This is another kind of "Beyond the Story" reflection growing out of issues raised in the UU World cover story on us at http://www.uuworld.org/.
Let me begin with a quote from Right Here, Right Now by Alan Hirsch and Lance Ford about the disconnect between the ideal of missional life and communities, even after someone takes the red pill, and their current life. They say for most "the idea of missional discipleship seems like a far-off dream because they work most of the time, come home exhausted, spend what little spare time they have with family and kids, and don't seem to have any time for anything else.
"Now I don't mean to diminish the sacredness of work and family," they continue. "but if work is too demanding for us to involve ourselves in being authentic disciples in realms other than work, is is the dominance of our work that should be questioned and not the viability of our discipleship. Work like this is more of an enslaving thing than it is a means of living. We can all live with a lot less. Work four days a week instead of five, if only to find more space for God in your life, let alone serve others. Much real life, relationships, and spiritual meaning can be added by simplifying our lives in order to engage more fully in Life."
As I was quoted in the UU World cover article on our missional community here, I am privileged to be aided in both this work and in life by being married, by being in a two income family (when many of my neighbors are in families with little to no income), with one of our incomes coming from a VA doc salary. Being aware and acknowledging these blessings, these privileges, I hope helps all others, and I mean all of our neighbors, to recognize their own blessings and privilege--it will be different from mine, but theirs is comparative real as well. The joy is to work not out of any sense of shame or deprivation or constantly judging who has what and who hasn't, but to look at how to use our blessings and privileges in service. For in doing so, we also all can live sacrificially as well.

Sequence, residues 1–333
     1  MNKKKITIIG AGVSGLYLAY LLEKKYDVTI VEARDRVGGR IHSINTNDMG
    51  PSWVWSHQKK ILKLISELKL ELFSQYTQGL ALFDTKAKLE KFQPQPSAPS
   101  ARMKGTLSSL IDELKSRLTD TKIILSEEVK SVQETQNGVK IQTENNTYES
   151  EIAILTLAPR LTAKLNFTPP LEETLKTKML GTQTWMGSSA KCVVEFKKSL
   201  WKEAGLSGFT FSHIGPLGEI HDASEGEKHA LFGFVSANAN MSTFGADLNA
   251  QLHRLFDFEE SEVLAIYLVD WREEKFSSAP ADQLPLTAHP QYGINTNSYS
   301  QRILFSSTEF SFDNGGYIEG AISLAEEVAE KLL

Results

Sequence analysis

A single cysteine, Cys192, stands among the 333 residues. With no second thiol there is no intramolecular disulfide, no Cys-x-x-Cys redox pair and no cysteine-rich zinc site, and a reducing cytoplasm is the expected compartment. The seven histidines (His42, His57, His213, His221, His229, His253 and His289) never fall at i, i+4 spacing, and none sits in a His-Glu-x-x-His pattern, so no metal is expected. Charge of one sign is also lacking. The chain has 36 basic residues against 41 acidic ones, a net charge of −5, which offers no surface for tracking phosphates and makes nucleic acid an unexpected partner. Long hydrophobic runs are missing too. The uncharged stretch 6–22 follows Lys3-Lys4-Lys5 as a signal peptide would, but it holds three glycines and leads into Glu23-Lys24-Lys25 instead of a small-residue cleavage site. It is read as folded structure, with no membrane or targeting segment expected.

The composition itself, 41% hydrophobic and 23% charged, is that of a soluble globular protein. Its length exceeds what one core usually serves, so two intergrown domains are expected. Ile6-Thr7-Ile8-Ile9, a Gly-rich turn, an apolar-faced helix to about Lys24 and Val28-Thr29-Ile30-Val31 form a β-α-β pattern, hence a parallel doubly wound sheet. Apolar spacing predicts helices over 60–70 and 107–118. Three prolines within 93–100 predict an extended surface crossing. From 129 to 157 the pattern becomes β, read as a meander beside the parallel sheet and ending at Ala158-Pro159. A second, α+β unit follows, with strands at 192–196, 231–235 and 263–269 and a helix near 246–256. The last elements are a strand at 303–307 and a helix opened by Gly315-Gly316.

We live where we do so that in large measure we can spend more of our joint incomes in ways that reflect our values of community with others especially the poor, rather than putting those same resources into our own real estate property values or other things, and so that we can have some resources to more easily spend on things that we do enjoy personally, such as travel, gifts, eating out, which would otherwise also be sacrificed to be able to live in other places. It is hard to use the word sacrifice when talking for example about how we moved with our teenage daughter from a new suburban home of $150,000 into an abandoned home and property for $28,000 when we love where we live, how we have been able to work on fixing it up, even though tens of thousands of dollars of repair and fixing it up turns into zero gain in property value because of the "comparables" around us :), and as we feel so blessed by our surroundings. We could live anywhere, and choose to live here. But then I remember that sacrifice means making sacred and it seems more apt.
On my part putting together a "cobbled ministry" of part-time paid work has been both a difficult choice when I think of income "lost" over the years but it has also been a blessing by being able to focus more time on the unpaid part time ministry. The choices have been easier for me, I believe, than for others in other circumstances, but as Bonnie was quoted in the article, if we made do personally with even much less in order to engage in this missional community life we would, and it all makes me marvel and worry about how so many of our leaders in more traditional churches work 40 to 80 hours a week and then still put in/are asked to do so many hours through the church and other groups. If they can do that (though with Hirsch and Ford, I have to challenge its sustainability and wisdom) then we as missional leaders can look for ways to reorient and make space in our lives for the missional callings we are feeling. Besides, going bi or tri vocational, especially in non-churchy work, becomes a benefit in missional church, not a liability. It puts us, whether we would seek it or not, in spheres with others perhaps not so like us, and allows us to make some of the first steps in bridging the "cultural distance" so important in missional church. I will post later about the ways Hirsch and Ford discuss cultural distance.